Our Computer Overlords Predict

Sagarin Predictor: Louisville by 2.7. Ahh, what do they know anyway?




Cal eFG% vs. L'ville eFG% Def

45.6 (83)

38.5 (160)


Cal eFG% Def vs. L'ville eFG%

37.6 (106)

49.0 (18)


Cal Off TOV vs. L'ville Def. TOV

18.8 (18)

29.0 (3)


Cal Def. TOV vs. L'ville Off TOV

22.0 (199)

22.0 (123)


Cal RB% vs. L'ville RB%

60.7 (3)

52.0 (100)


Cal FT Rate Off vs. L'ville FT Rate Def

16.4 (64)

16.8 (101)


Cal FT Rate Def vs. L'ville FT Rate Off

17.7 (151)

15.9 (88)


Cal PPPO vs. L'ville PPPD

.999 (16)

.805 (60)


Cal PPPD vs. L'ville PPPO

.812 (68)

.999 (16)


The offense has the advantage in every category except Louisville's ability to force turnovers and Cal's ability to lock down the defensive glass. It's worth noting that, for all the publicity Louisville got for upsetting Baylor and Tennessee, their defense wasn't great in either game. Baylor and Tennessee together averaged about a point a possession. It was their offense that carried them to New Orleans.

Those two bolded categories at the bottom? Points scored/allowed per possession on offense and defense. Cal and Louisville have identically productive offenses, and nearly identically productive defenses. The two teams have virtually identical strengths of schedule as well. From a pure efficiency standpoint, you can't separate these teams.

Ah, but efficiency isn't style of play or strategy, is it? Because these are two very different teams. Cal's offense is about rebounding and turnover prevention. Louisville's offense is about great shooting and points off turnovers. Cal's defense is a disciplined man-to-man that wants to prevent 2nd chances. Louisville plays some full court press and lots of trapping zone in order to force turnovers.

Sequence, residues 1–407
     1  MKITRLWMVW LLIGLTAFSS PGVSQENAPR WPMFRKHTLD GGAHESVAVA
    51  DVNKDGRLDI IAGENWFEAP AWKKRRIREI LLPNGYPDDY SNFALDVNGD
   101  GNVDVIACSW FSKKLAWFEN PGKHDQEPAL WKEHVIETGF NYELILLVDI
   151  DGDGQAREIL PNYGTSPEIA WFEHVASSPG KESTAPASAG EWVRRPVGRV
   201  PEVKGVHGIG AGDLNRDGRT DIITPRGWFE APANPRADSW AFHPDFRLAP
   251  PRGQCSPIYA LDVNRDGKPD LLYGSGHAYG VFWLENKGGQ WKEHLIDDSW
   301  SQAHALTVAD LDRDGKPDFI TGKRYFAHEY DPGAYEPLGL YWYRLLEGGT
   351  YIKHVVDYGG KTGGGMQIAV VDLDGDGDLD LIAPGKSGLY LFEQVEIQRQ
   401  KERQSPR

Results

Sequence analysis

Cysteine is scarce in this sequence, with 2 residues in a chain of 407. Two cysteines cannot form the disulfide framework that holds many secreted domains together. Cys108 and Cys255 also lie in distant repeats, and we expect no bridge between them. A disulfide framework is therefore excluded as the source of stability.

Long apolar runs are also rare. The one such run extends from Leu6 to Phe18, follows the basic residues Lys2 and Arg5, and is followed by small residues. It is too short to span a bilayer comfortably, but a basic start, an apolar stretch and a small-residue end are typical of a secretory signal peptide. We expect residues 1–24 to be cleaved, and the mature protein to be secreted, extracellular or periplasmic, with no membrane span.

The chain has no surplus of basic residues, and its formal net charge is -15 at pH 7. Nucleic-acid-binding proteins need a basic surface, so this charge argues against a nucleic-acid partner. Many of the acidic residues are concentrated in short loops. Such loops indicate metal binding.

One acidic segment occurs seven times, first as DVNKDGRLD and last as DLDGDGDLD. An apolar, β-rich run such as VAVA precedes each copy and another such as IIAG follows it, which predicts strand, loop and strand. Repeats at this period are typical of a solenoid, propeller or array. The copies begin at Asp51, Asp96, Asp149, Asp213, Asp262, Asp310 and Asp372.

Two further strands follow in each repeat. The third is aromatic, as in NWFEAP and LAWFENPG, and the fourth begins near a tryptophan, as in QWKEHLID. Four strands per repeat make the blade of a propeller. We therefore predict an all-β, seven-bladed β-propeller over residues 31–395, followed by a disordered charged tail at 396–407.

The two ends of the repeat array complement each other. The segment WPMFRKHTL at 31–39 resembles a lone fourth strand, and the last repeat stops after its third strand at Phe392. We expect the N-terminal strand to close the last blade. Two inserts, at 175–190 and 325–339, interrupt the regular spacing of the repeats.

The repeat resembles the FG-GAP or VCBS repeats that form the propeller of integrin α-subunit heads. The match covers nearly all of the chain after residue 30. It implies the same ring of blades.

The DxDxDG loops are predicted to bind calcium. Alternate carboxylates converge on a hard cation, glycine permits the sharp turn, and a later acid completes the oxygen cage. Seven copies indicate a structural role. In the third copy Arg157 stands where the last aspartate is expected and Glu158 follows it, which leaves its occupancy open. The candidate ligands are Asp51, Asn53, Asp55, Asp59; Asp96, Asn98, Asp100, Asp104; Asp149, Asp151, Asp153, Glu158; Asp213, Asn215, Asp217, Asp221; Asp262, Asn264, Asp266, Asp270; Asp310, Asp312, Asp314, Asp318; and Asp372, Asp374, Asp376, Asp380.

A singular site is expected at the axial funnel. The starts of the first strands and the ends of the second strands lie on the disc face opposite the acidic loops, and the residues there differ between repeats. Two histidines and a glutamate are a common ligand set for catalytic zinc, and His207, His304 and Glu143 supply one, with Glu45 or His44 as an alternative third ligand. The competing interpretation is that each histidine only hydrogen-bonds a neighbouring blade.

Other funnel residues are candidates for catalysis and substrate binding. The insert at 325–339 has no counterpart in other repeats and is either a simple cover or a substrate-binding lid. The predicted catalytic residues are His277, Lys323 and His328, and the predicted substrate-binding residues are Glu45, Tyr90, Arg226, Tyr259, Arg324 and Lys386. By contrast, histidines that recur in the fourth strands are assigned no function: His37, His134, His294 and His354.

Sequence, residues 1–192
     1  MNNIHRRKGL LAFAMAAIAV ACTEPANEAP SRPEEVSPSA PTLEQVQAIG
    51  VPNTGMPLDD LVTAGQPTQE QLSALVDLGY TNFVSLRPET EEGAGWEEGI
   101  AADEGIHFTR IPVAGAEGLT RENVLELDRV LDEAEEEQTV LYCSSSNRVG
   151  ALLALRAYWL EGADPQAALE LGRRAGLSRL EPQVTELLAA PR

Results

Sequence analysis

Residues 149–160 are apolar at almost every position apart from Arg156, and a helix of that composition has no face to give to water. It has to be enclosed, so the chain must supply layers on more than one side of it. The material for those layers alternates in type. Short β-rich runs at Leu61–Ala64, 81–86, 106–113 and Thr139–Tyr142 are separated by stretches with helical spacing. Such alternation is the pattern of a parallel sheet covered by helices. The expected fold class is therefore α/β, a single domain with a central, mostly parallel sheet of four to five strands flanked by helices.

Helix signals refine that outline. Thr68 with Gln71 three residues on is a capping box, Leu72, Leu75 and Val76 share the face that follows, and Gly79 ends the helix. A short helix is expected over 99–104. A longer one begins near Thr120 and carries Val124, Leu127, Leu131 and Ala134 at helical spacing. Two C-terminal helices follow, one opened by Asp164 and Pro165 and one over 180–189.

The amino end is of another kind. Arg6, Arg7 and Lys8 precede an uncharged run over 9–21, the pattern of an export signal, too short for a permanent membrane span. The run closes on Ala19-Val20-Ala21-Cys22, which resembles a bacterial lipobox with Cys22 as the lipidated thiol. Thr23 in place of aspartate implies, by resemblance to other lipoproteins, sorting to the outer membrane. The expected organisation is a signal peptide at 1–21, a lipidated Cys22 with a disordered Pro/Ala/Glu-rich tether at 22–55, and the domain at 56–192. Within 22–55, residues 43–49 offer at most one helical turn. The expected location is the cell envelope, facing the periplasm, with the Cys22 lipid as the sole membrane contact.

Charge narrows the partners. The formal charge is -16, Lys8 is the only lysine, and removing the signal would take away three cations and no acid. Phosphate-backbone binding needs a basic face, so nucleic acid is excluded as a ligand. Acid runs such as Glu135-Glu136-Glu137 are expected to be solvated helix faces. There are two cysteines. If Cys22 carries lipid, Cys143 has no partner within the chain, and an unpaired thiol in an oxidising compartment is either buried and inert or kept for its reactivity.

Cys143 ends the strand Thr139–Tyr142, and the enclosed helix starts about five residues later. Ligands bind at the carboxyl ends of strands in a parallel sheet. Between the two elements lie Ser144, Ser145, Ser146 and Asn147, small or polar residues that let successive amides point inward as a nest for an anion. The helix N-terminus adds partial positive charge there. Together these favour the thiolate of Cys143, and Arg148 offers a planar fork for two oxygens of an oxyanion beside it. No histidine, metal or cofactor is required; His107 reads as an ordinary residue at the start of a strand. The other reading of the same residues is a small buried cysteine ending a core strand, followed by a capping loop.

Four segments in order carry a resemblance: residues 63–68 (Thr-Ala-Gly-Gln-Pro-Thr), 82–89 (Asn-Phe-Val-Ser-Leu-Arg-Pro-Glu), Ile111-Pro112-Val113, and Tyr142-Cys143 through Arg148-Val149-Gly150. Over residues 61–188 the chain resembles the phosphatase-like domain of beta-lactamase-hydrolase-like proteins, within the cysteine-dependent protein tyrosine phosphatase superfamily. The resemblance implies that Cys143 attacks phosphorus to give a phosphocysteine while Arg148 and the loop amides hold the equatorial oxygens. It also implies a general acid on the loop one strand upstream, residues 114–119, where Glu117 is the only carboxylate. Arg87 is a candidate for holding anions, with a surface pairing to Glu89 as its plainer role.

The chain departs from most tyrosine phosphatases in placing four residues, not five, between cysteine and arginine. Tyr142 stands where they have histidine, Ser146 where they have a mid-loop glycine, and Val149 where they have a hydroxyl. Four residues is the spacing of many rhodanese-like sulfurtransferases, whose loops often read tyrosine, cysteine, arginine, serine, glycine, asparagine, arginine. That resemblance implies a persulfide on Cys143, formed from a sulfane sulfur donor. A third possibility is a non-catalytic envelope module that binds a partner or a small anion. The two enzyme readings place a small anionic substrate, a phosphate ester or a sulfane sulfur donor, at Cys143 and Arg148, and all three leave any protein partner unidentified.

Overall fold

So what style of game will it be? Which team will have the more successful transition offense? Can Cal stop Louisville from getting off high percentage looks? Can Louisville keep Cal off the glass? Even though these teams are evenly matched, I think the chances of a double digit win for somebody are fairly high because of the chances of one team imposing their type of game on the other. And so in that regard what each coach does to prepare their teams will be paramount.

Keys To The Game

Turnover Margin: Immovable object, meet irresistible force. Louisville is arguably the best turnover forcing defense in the country. Cal is a top 20 team in terms of ball control, and they have been playing even better than that in the tournament. If the Cardinals aren't forcing turnovers, they're going to be in trouble on defense, because Cal should be able to get good shots, and the very much should be able to get offensive rebounds.

But perhaps just as important is how many turnovers Louisville commits. Schimmel is prone to some over-exuberance with the ball, and those types of mistakes fuel Cal's potent transition game. The team that wins the turnover battle will have a significant advantage.

Calm but aggressive defense: While watching Louisville play Baylor and Tennessee, I saw two different types of mistakes against the Louisville offense. The first was being too passive - not closing out shooters and allowing the Cardinals to rain shots from behind the arc. And when Baylor and Tennessee both found themselves down double digits in the 2nd half, they started chasing Louisville around in a very undisciplined manner, and Louisville thrived off of that by moving the ball and finding open players to attack the paint.

Louisville's offense at times looks like pure chaos, designed to confuse defenders and create mismatches or missed assignments. You have to match their intensity and effort without losing the structure of the defense.


Destroy them on the glass: Baylor pulled down 17 offensive rebounds (44% of their missed shots). Tennessee pulled down 12 offensive rebounds (33% of their missed shots). Cal is a better rebounding team than Baylor. Cal is a significantly better rebounding team than Tennessee. Cal is even more significantly better on the glass than Louisville. Destroy them on the glass.